Chickenpox affects about 200,000 people each year. It is a viral infection that is highly contagious and spreads very easily. Chickenpox causes a blister-like rash that is extremely itchy and can be an annoyance for the person being affected by the virus. Many people are able to diagnose chickenpox on their own and are also able to get treatment without having to visit a doctor. Chickenpox is an infection that people know a lot about, and most people had chickenpox when they were a child. Understanding everything you can about chickenpox will help you get through it if you have it yourself or it will help you give aid to someone who has it. The first things to understand are the causes and symptoms. Having a grasp on the causes and symptoms will help you recognize chickenpox at its inception so you can treat it as best as possible.

Chickenpox is a viral infection. The virus that causes chickenpox is called the varicella-zoster virus. This virus is one of the herpes viruses. Sometimes people will refer to chickenpox as Varicella because of the name of the virus. This virus also causes shingles, which is why the two infections are closely related, and why chickenpox can sometimes lead to shingles.

Chickenpox is highly contagious and can be spread in many different ways. The most common way that it speeds is through the respiratory tract. Areas that the virus can enter through are mucous membranes of the mouth and nose. Another way that a person can get chickenpox is through the air. An infected person can sneeze or cough and a healthy person can breathe in the virus. One last way that chickenpox can be spread is fairly uncommon. The fluid from a chickenpox blister from an infected person can get onto the skin of a healthy person.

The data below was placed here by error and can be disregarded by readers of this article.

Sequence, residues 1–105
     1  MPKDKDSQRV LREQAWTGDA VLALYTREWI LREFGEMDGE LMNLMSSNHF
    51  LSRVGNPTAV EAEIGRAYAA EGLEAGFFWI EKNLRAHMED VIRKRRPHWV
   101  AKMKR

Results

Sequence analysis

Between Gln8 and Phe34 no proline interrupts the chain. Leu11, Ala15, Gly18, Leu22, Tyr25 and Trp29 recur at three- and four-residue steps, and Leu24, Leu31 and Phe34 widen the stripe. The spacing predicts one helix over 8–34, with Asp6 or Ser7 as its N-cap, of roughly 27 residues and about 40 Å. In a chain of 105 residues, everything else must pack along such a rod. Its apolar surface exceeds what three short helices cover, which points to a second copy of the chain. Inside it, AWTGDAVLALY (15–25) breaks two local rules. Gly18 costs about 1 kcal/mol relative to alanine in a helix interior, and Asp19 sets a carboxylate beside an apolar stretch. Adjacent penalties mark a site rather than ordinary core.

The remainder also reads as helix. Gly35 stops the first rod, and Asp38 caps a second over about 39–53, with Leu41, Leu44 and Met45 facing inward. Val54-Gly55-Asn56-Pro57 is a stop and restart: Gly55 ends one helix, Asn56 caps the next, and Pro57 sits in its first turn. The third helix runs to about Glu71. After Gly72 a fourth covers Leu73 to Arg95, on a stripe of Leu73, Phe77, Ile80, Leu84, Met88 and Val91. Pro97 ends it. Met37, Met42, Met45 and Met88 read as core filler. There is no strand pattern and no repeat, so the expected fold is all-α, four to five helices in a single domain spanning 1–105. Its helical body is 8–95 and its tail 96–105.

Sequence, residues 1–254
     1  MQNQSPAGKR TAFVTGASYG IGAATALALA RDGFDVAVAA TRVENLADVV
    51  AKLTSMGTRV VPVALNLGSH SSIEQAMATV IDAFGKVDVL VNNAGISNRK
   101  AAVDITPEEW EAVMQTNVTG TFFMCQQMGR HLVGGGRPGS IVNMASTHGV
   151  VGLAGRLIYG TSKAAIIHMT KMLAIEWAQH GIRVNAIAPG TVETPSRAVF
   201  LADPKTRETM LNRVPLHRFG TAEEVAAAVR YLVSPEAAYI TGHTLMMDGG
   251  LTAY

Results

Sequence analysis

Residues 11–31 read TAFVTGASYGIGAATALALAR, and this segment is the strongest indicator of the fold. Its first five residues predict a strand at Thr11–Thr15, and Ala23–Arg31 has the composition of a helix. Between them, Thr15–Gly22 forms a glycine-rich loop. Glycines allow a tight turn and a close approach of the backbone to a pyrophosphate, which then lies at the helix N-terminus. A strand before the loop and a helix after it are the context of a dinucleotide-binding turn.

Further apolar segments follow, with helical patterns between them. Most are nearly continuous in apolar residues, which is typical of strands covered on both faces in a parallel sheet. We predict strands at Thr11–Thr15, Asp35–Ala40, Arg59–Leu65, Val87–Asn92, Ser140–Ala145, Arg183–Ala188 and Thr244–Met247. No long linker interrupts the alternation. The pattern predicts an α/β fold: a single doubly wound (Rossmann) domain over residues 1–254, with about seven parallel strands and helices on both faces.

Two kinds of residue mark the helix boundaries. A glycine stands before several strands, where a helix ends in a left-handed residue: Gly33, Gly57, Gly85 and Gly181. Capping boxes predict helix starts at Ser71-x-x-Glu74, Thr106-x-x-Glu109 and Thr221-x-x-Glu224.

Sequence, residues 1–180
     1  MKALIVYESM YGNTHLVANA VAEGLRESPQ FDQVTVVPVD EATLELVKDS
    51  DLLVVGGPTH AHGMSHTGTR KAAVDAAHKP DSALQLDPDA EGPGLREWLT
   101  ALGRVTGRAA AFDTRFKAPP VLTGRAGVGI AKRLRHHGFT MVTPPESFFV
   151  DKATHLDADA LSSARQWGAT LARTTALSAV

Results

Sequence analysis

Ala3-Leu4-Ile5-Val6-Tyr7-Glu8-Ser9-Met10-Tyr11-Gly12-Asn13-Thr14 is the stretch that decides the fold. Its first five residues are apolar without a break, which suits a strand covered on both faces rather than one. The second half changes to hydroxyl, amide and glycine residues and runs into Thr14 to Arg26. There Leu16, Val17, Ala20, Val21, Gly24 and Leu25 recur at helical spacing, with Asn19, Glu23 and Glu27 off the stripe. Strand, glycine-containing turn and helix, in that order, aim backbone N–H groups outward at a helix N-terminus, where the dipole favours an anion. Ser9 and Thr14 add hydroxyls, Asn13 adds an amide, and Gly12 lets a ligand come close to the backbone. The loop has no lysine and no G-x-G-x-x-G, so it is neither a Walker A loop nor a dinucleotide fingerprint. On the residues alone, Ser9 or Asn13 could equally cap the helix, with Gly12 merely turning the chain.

When the chickenpox rash appears on the skin, it will go through three phases. The first phase is raised pink or red bumps called papules. These will break out over the span of several days. The second phase is when fluid-filled blisters called vesicles form from the raised bumps. They will form for about a day before breaking and leaking. The last stage is when crusts and scabs will cover the broken blisters. These will take several days to heal.

Chickenpox will usually last for five to 10 days. Most people can tell what they or others is experiencing is chickenpox from the rash that forms. However, people do show other symptoms up to two days before the rash appears. Some of these symptoms include: loss of appetite, headache, fever, tiredness, and a general feeling of being unwell. Some of these symptoms can point to the flu, so differentiating between the flu and chickenpox may only happen once the rashes start to appear on the skin.

Once bumps appear, they can continue to appear for several days. This means it is possible see the three different stages of the rash over the body at one time. Bumps that came early on may have already crusted over while new ones are still in the first or second stages.  The virus can be spread for 48 hours before the rash appears. Chicken pox sufferers will remain contagious until all of the spots have crusted over.

Knowing the causes and symptoms of chickenpox will help a person recognize it as soon as it appears. Understanding all of the symptoms that can come along with the rashes and bumps can alert a person that the rashes will be occurring soon. The infected can then stay away from others so they do not give anyone else chickenpox. Understanding everything about chickenpox will make getting through the infection much easier.